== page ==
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Nail surgery advice

Discussion in 'General Issues and Discussion Forum' started by srd, Jul 17, 2008.

  1. srd

    srd Active Member


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    Hi,
    I have a 17 year old boy who has had an ingrown toe nail for a couple of months. He had seen a general surgeon who had booked him in for total nail avulsion. He saw me as a second opinion as he was unsure he wanted to permanently loose his nail at such a young age. The surgeon told him it was neccessary to remove the whole nail rather than partial so as to prevent the nail folding back on its self and peeling off. I haven't heard of this before ??

    There is excessive periungual inflammation with hypergranulation tissue in medial and lateral sulcus of affected hallux nail. It is certainly a mess BUT why would you choose a full nail avulsion as the initial surgery and not go for a partial avulsion and then resort to full avulsion if needed, especially in a teenager ??

    Srd
     
    Last edited: Jul 17, 2008
  2. Heather J Bassett

    Heather J Bassett Well-Known Member

    Hi, just thinking....If partial avulsion you can still get some scarring as the nail grows back leaving 2 ridges through the nail? Perhaps that is why? Generally I would not take the whole nail though. Look forward to hearing others thoughts.
    cheers
     
  3. cornmerchant

    cornmerchant Well-Known Member

    Hi srd
    I hate to say it but IMO general surgeons should not do nail surgery unless there are underlying complications such as a neoplasm or an exostosis. I have never heard of or seen the nail fold back on itself!
    I would do PNAs with phenolisation and try and save the nail considering his age. Should that fail you can then go on to full nail avulsion.
    I have done total nail avulsion without phenol and allowed the nail to grow back with success a couple of times, where the ingrowing was down to very bad self cutting!
    Regards
    Cornmerchant
     
  4. Hello. Ingrown toenail procedures are what hooked me to podiatry in the first place. This young Pt should have the WHOLE nail plate removed but temporarily. I would suggest just a partial but given your description (both borders involved, the length of time and the marked inflammation) clean and complete nail avulsion would increase the chances that a healthier whole nail plate would grow back and allow surrounding tissues ample time to heal and appear more normal. If the process does not improve; that is the ingrown nail returns, then more permanent processes may need to be implemented. Good luck and I am pretty sure your young patient will appreciate your decision no matter what because you are the expert.
    Dr Brooks
     
    Last edited: Jul 17, 2008
  5. Chris Webb

    Chris Webb Member

    Hi

    i have come across this a couple of times and what i have done is actually done a total but just phenolise the lateral and medial sides. If it does not heel up then you know you have to do a total. Has seemed to work well and the nail has grown back fine. However, normally would do a partial

    chris
     
  6. Adrian Misseri

    Adrian Misseri Active Member

    G'day Srd,

    I do heaps of these procedures with very good results for my patients. I fail to see how removing good healthy viable nail in the middle of the nail will be of any assistance at all. Minimal trauma for faster healing!
    As a result, I suggest 2 partial nail avulsion with phenolisation procedures, one for each side of the nail, with as much nail plate as possible left untouched in between. Once the offending sides of nail have been removed, remove the hypergranulation tissue and any hyperkeratotic tissue which may have formed (using arterial forceps, not a scapel so as to keep it all superficial). I have found that suturing is not necessary at all (well in the 100+ procedures I have performed). Phenolisation of the exposes matricies as well as the sulci following this generally yields a quick healing rate as well as a good cosmesis after healing.
    Regrowth rates are almost non existant if the phenolisation has been sufficiently adequate (2x2 mins I use, with flushing of alcohol, then betadine then alcohol after each 2 minute application. I also apply with a blacks file to massage it sufficiently into the matrix and sulcus tissues). Post op infection rates are also minimal, and usually come about due to poor patient complience with redressing procedures.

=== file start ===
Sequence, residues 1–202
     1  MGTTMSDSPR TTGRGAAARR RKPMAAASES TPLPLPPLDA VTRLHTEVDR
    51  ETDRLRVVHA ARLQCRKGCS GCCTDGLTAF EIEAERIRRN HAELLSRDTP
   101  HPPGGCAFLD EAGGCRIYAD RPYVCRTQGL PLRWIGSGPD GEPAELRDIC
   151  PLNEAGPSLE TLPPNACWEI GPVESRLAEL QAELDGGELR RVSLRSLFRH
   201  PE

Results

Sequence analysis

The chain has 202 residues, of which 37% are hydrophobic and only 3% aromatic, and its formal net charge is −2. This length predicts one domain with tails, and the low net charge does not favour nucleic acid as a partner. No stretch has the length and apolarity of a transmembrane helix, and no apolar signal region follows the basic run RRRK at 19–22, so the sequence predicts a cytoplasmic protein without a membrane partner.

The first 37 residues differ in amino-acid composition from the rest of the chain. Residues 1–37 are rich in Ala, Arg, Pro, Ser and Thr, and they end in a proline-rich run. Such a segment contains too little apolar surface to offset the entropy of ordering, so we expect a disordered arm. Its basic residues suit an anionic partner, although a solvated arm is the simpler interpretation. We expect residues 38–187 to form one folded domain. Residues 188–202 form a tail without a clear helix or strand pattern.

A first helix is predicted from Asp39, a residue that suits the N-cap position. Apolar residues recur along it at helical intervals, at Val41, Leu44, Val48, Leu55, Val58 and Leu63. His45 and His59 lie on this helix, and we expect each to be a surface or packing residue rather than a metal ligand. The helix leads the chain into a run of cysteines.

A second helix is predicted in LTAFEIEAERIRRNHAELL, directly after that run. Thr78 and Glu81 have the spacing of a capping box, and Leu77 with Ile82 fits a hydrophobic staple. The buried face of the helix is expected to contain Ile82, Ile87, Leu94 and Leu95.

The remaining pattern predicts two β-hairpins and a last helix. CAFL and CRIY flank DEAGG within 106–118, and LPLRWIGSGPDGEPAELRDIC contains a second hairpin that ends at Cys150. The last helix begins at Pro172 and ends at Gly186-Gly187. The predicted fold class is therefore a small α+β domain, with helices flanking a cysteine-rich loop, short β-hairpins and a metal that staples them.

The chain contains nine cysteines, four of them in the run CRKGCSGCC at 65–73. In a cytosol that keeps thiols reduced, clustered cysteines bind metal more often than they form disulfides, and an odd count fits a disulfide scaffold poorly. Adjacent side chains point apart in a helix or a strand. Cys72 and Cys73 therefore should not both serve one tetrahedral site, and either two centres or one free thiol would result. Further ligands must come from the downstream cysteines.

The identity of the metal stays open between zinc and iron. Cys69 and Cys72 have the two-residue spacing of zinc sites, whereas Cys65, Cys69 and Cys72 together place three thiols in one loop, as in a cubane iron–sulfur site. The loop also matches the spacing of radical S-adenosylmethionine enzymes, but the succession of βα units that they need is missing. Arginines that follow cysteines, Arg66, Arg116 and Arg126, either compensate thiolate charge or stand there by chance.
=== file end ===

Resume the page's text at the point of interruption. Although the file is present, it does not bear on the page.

Hope this helps!
    Cheers!
     
  7. Stanley

    Stanley Well-Known Member

    Adrian,

    I agree with you on this one. The only time I will do a total phenol nail is for severely curved nails that would look like a claw if you removed the offending sides.
    I would not do a total avulsion, as the nail matrix can become traumatized resulting in a thickened nail.
    I perform this procedure with a digital tourniquet for more consistent results. I will use a tissue nipper for the granulation tissue, followed by the use of Monsel’s solution as a styptic agent for both the granulation tissue and the matrix. Then, I will use an cotton applicator to clean the Monsel’s from the matrix area. After this I will apply phenol.

    Regards,

    Stanley
     
  8. Adrian Misseri

    Adrian Misseri Active Member

    Cheers Stanley!

    Never heard of Monsel's solution before. What is it? I also use a digital torniquot and find that after it is removed, if there is no bleeding, I'm happy that the pheonolsaition has fully taken. This is under the pretence that all the small blood vessels have been cauterized by the phenol. I've also found that the little nociceptors also get cauterized which helps with post op pain and they grow back with no change in sensitivity.
     
  9. Stanley

    Stanley Well-Known Member

    Hi Adrian,

    http://en.wikipedia.org/wiki/Ferric_subsulfate_solutionv

    Monsel's is the strongest styptic agent we use in podiatry. The only drawback is you need to clean the bottle frequently. As the water evaporates there is crystallization. Also use some vaseline around the stopper.
    I agree about the nocioceptors, as all larger alcohol molecules have this property.:drinks

    What is especially nice about Monsel's is that a phenol nail procedure can be performed on a patient taking coumadin. As I said above, before I phenolize, I use one application of Monsel's and then remove the excess with a cotton tip applicator.

    The most effective part of the Monsel's solution is the goop on the bottom of the bottle. This is part crystal part solution.
    Anyone that has a dog and has trimmed the nails too deep can tell you how they bleed. The yellow powder that is sold as a pet styptic is the powder form of Monsel's.


    Regards,

    Stanley
     
  10. PodGov

    PodGov Member

    Hi

    In addition to the advice given. It should be remebered that the nail is protective to the underlying anatomical structures. Therefore the conservative approach of partial avulsion of both sides with phenolisation should be the first choice. Unless the merits of the case reveal an underlying pathology/complication.